The Tampa Bay Bucs renew an old search Thursday night.
Once again, the Bucs are going into the NFL draft with a decent pick. Once again, they are searching for a defensive end. Once again, they need to make opposing quarterbacks uncomfortable.
For years, this has been the pursuit of the Bucs. Yeah, yeah. With their first draft choice ever, they took Hall of Famer Lee Roy Selmon. But since then, and since the free agent signing of Simeon Rice, the team has turned over ever rock and looked behind every shrub to find one without luck.
This year, it is the same. Oh, a couple of mock drafts have had John Bosa falling to Tampa Bay, but no one seems to believe it. Every now and then, a mock has mentioned DeForest Buckner or Shaq Lawson or Leonard Floyd or Noah Spence. But unless the Bucs get lucky, the big time defensive end might get away again.
Remember 1982? That was the year the Bucs botched the draft as thoroughly as possible. They wanted to draft defensive end Booker Reese in the first round. But problems with the telephone connection left the representative drafting Sean Farrell instead. Compounding their mistake, the Bucs traded away their No. 1 draft pick in 1983 for Reese. Reese finished his Tampa Bay career with only two sacks. Meanwhile, after Doug Williams left, that No. 1 pick could have been Dan Marino.
Remember 1985? The team picked Ron Holmes, who was totally unsatisfying. In four years, he had 19 sacks.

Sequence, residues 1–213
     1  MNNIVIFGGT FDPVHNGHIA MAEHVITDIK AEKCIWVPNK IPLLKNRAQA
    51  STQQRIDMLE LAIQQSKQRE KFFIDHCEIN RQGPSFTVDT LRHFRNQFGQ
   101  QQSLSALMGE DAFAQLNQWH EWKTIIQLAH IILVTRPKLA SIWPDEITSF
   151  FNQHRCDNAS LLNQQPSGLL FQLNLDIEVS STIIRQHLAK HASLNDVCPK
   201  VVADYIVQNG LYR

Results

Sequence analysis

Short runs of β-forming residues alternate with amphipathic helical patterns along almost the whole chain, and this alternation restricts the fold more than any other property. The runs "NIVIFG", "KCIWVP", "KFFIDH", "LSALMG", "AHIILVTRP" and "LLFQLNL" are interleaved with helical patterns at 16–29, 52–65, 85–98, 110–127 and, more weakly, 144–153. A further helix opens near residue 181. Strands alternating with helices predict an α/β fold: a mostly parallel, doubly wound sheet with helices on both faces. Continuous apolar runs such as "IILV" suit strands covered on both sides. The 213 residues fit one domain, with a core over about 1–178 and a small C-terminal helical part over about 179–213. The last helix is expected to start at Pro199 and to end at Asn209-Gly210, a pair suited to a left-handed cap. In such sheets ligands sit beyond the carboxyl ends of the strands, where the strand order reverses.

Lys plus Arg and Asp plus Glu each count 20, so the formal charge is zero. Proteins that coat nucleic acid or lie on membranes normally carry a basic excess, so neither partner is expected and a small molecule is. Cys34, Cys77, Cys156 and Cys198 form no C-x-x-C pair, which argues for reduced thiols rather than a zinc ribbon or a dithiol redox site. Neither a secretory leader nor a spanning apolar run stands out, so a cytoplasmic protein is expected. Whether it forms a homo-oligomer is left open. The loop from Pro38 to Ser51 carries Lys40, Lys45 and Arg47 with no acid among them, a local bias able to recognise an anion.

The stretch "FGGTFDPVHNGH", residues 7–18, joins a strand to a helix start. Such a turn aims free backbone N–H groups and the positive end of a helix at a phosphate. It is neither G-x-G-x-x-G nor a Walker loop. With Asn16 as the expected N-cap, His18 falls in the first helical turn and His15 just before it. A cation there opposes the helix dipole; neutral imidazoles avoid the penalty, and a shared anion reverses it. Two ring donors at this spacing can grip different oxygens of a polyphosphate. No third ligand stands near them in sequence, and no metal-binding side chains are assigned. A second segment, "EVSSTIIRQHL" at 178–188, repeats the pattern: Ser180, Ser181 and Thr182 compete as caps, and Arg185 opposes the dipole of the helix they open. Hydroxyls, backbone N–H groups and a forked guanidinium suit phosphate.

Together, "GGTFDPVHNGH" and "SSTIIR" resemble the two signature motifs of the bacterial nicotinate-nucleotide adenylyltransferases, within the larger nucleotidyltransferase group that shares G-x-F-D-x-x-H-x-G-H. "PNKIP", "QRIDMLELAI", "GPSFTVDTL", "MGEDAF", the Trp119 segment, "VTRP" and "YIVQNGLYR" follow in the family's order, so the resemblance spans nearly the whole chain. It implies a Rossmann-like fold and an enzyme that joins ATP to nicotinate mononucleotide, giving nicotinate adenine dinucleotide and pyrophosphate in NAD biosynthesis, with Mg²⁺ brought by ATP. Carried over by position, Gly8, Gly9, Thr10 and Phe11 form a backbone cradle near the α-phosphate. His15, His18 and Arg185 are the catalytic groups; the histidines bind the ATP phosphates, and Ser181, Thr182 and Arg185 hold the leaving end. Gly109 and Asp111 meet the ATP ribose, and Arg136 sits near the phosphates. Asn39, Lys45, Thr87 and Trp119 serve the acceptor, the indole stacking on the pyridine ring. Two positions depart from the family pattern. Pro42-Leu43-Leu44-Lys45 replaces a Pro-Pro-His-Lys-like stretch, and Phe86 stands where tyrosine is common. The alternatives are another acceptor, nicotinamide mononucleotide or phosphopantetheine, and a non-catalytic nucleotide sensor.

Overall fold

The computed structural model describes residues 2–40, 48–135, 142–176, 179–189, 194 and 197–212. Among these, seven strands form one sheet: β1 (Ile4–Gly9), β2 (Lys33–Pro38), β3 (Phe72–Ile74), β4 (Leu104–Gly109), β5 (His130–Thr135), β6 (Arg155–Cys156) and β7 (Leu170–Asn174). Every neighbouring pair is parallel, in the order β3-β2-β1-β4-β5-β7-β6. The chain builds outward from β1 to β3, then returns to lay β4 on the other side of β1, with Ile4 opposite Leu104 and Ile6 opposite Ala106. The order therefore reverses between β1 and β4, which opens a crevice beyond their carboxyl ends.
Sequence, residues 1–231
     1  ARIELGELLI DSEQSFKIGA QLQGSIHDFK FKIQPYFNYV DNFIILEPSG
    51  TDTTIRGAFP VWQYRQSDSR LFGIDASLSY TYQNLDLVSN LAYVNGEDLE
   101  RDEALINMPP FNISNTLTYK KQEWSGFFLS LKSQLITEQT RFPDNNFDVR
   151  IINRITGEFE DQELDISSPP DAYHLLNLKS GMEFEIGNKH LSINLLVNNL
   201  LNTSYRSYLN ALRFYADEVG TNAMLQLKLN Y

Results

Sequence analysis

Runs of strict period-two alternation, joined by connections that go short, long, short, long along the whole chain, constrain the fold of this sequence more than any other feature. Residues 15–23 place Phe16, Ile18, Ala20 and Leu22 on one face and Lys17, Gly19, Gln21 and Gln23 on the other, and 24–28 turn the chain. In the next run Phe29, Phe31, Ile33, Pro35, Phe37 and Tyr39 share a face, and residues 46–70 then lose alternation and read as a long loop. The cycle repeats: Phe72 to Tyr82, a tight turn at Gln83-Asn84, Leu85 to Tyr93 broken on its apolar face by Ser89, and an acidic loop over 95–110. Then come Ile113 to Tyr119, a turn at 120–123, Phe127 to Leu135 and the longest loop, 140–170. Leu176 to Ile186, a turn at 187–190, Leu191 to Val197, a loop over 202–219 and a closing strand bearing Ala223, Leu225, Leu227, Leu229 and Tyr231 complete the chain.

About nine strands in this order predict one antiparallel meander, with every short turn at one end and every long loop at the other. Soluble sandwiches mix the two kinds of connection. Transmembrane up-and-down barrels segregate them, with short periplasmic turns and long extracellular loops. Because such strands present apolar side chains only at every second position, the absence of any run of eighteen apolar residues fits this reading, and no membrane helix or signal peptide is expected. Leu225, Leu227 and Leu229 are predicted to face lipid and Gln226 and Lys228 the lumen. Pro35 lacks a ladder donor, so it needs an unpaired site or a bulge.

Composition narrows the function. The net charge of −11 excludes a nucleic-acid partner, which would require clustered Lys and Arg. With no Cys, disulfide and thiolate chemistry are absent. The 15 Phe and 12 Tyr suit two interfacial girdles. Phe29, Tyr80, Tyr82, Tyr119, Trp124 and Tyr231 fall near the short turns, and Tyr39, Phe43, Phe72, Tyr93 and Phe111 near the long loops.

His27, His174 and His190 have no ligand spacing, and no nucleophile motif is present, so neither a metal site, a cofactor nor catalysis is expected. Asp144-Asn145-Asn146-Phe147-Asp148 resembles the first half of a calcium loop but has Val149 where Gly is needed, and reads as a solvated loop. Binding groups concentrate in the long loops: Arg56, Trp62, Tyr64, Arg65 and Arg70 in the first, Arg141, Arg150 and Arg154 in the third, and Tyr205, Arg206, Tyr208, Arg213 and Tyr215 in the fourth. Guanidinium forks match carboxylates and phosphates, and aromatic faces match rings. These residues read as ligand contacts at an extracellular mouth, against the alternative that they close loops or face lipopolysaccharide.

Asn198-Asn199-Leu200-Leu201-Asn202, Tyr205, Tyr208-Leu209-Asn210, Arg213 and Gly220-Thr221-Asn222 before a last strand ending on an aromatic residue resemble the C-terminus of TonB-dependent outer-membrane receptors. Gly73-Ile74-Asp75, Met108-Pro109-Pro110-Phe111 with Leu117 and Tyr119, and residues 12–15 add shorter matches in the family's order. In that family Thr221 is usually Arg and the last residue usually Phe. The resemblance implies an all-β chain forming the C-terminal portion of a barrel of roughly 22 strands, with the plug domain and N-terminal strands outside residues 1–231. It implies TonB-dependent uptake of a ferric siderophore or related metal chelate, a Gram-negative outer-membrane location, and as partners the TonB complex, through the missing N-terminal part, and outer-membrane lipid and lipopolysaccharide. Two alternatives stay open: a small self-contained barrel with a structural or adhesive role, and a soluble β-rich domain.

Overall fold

Remember 1990? The team picked Keith McCants, thinking he could play linebacker or defensive end. Turns out, he could play neither.
Remember 1993? This time, it was Eric Curry. This time, the Bucs got 12 sacks from their four-year investment.
In 1996, it was Regan Upshaw, who got 18.5 sacks in four years.
In 2007, it was Gaines Adams. He played three years and had 13.5 sacks.
In 2011, the team tried twice. It picked Adrian Clayborn in the first round and Da’Quan Bowers in the second. Neither were what the team needed.
So here the Bucs are again, shopping in an aisle where they have bought too many bad products. You can argue that a pass-rushing end is the most valuable player on defense, that only his pressure can make great quarterbacks ordinary.
Will the Bucs trade up, maybe for Bosa? Will they trade back and end up with, say, Spence? Will they shrug and pick a defensive tackle or cornerback?
We’ll see. After all, someone has to rush the passer. Don’t they?
On Wednesday, the Bucs and Miami Dolphins announced the season opener scheduled for Sunday in Miami,